For example, Pierre-Alain Mouy, Member of the Enterprise Ethereum Alliance, former ETA Product Owner and Managing Director of NVISO Security in Germany, He told Cointelegraph that there are three levels of validation a smart contract can achieve to help people understand their level of trust:

“We started the project with three different levels of badges that smart contracts can earn to demonstrate their level of trust. Level 1 consists of a smart contract that is processed by automation. Levels 2 and 3 are audits. Manuals from people, to ensure the security of contracts. “

Mouy shared the pIn order for a smart contract to receive a Level 1 badge, an automated security scan tool is run against the contract. The AI-based tool is used to review certain requirements that the working group is currently defining.

When a smart contract advances to level two, experts run a security audit. “There will be definitions for accounting firms that will explain how long it will take them to analyze these smart contracts,” said Mouy, adding, “Eventually an audit report will be produced for the task force to manually review, but we are not Auditors. The working group acts as a router to verify that these steps are being carried out. “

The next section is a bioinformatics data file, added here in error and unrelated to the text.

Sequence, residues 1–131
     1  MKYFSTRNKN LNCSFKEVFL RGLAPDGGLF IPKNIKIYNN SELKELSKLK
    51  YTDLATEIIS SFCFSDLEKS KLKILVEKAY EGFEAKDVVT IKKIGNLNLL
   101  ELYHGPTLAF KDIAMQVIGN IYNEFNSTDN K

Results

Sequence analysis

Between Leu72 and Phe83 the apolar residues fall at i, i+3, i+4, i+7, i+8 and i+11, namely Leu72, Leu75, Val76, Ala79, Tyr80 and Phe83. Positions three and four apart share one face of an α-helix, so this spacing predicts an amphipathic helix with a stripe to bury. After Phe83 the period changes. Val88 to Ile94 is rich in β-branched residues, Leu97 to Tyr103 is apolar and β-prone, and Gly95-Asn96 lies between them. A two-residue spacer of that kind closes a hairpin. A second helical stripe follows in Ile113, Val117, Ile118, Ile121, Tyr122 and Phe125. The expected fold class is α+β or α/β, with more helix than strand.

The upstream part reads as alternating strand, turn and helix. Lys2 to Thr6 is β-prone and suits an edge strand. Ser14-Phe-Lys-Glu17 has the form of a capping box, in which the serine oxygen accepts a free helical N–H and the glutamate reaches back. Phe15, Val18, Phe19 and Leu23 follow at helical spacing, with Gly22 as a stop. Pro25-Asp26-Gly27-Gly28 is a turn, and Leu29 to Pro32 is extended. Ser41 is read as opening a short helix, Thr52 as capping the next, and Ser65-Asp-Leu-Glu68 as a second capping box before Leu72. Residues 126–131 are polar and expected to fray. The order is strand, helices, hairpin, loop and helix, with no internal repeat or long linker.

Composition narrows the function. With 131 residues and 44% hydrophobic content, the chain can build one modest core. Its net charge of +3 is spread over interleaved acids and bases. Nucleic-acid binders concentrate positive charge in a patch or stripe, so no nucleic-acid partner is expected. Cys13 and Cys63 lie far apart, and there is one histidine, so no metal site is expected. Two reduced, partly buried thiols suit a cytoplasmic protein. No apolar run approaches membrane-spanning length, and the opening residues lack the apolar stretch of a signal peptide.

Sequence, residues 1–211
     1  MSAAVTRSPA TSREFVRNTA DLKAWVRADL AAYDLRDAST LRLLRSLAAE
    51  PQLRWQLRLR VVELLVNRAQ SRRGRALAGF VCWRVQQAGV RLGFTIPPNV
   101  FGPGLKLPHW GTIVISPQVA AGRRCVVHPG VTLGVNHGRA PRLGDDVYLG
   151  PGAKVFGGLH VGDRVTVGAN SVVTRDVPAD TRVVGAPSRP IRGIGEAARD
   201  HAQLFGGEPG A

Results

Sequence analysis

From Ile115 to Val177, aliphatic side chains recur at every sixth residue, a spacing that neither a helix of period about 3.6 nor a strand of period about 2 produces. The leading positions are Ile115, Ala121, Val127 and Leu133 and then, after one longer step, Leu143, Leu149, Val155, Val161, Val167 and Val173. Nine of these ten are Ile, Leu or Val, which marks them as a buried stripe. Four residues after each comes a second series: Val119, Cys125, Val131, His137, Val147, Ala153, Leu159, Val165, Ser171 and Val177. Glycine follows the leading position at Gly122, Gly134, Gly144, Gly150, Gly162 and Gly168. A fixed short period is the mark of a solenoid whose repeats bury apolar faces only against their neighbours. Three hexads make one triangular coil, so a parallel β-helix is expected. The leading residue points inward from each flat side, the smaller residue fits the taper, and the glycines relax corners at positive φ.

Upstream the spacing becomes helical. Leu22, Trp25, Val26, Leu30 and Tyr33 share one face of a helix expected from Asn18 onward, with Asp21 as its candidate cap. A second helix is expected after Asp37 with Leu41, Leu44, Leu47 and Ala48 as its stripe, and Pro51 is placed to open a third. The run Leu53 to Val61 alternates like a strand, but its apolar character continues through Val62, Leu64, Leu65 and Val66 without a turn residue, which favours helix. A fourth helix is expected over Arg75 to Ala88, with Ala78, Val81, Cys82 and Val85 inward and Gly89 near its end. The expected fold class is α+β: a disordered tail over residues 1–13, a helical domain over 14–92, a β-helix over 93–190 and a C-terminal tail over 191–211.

To the last, When a smart contract reaches level three, additional specifications and written test cases are run to check the characteristics of the contract. According to Mouy This is known as the “formal review process”.

Once a smart contract has gone through this step-by-step review process, The initiative’s registration system enables exchanges, for example, to request a specific rating level before new tokens are listed. This system could also be applied to a multi-member consortium that relies on smart contracts for business purposes.

The growing interest in more secure smart contracts